Q: How do you talk about the size of infinity? How can one infinity be bigger than another?

Physicist: When you have two finite sets it’s easy to say which one has more things in it.  You count up the number of things in each, compare the numbers, and which ever is more… is more.  However, with an infinite set you can’t do that.  Firstly, you’ll never be done counting, and secondly, infinity isn’t a number.

With finite sets you just compare the number of elements in each set (left), but with infinite sets that’s not an option (right). Phrases like “number of elements in the set” don’t apply.

So now you need to come up with a more rigorous definition of “same size”, that reduces to “same number of elements” in the finite case, but continues to work in the infinite case.

Here it is: instead of counting up the number of elements, and facing the possibility that you’d never finish, take the elements from each set one at a time and pair them up.  If you can pair up every element from one set with with every element from another set, without doubling up and without leaving anything out, then the sets must be the same size.

Mathematicians, who enjoy sounding smart as much or more than they enjoy being smart, would call this “establishing a bijective mapping between sets”.

By pairing up elements you can establish that the sets have the same number of elements. The sets on the left have an unequal number of elements, and the sets on the right (somewhat surprisingly) have the same “number” of elements.

So the requirement for two sets to have the same size is that some pairing exists.  For example, in the right side of the picture above you could have chosen to pair up every element in the left column with the element below and to the right forever, leaving the one element

If you rearrange the pairing for finite sets you’ll find it has no effect: there will be the same number of unpaired elements. Infinite sets are not so restricted. Literally, ∞ +1 = ∞.

Even worse, you can show that two sets that have “obviously” different sizes are in reality the same size.  For example, the counting numbers (1, 2, 3, …) and the integers (…, -2 , -1, 0, 1, 2, 3, …):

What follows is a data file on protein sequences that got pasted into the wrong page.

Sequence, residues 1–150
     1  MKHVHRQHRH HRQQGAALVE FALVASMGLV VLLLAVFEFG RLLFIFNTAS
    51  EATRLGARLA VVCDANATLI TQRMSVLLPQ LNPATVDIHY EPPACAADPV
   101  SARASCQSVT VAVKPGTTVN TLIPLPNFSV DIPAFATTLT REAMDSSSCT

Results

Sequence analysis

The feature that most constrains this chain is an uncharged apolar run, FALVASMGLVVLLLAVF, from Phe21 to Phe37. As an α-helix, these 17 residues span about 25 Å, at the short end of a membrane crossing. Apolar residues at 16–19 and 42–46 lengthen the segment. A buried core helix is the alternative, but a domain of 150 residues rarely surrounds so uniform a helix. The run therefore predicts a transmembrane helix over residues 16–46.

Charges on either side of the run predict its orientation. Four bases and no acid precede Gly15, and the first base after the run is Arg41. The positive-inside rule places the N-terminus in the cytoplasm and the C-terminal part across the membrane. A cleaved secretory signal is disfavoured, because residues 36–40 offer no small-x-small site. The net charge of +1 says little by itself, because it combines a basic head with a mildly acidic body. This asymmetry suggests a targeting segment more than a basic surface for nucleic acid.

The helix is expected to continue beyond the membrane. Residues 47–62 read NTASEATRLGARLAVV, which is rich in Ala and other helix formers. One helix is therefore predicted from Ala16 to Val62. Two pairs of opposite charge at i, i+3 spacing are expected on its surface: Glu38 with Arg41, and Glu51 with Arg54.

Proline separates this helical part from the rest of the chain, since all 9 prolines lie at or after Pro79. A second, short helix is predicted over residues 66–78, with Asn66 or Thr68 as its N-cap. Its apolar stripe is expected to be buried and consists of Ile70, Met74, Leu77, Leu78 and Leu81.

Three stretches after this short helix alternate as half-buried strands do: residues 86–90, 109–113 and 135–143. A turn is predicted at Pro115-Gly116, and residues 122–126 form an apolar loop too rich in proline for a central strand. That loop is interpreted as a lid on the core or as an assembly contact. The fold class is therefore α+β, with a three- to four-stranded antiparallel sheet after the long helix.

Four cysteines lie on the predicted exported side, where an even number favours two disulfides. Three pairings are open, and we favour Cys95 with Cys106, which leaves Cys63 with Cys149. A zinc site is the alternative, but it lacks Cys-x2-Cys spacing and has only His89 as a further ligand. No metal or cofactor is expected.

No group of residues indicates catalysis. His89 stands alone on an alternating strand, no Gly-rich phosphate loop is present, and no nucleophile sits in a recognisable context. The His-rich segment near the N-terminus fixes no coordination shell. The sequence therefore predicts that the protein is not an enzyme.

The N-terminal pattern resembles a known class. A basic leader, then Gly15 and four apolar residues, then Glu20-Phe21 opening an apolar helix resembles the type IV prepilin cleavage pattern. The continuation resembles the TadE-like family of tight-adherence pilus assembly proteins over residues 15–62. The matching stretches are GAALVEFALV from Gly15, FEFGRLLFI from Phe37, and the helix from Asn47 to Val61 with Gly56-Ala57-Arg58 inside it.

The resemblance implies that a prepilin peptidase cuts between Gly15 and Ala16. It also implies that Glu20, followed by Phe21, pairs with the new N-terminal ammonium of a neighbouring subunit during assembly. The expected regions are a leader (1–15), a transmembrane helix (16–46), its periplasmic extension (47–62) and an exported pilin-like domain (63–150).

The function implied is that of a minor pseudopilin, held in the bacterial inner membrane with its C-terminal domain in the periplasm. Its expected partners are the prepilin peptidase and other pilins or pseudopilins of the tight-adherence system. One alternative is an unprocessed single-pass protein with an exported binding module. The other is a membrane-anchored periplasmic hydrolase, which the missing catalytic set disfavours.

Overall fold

\begin{array}{rcccccccccccccccccc}\textrm{Counting numbers:}&\,&1&\,&2&\,&3&\,&4&\,&5&\,&6&\,&7&\,&8&\,& \cdots\\\textrm{Integers:}&\,&0&\,&1&\,&-1&\,&2&\,&-2&\,&3&\,&-3&\,&4&\,&\cdots\end{array}

One of the classic “thought experiments” of logic is similar to this:  You’re the proprietor of a completely booked up hotel with infinite rooms.  Suddenly an infinite tour bus with infinite tourists rolls up.  What do you do?  What… do you do?

The first vanguard of a never waning flood of tourists.

Easy!  Ask everyone in your hotel to double their room number, and move to that room (where there should be a gratis cheese basket with a note that says “sorry you had to move what was most likely an infinite distance“).  So now you’ve gone from having all of the rooms full to having only all of the even rooms full, while all of the odd rooms are vacant.

Another way to look at this is: ∞ + ∞ = ∞.

Here’s something even worse.  There are an infinite number of primes, and you can pair them up with the counting numbers:

\begin{array}{rccccccccccccccccc}\textrm{Counting numbers:}&1&\,&2&\,&3&\,&4&\,&5&\,&6&\,&7&\,& \cdots\\\textrm{Prime numbers:}&2&\,&3&\,&5&\,&7&\,&11&\,&13&\,&17&\,&\cdots\end{array}

There are also an infinite number of rational numbers, and you can pair them up with the counting numbers.

Arrange the rational numbers in a grid, then count diagonally in a loop. This is the traditional way to “ennumerate” the rational numbers.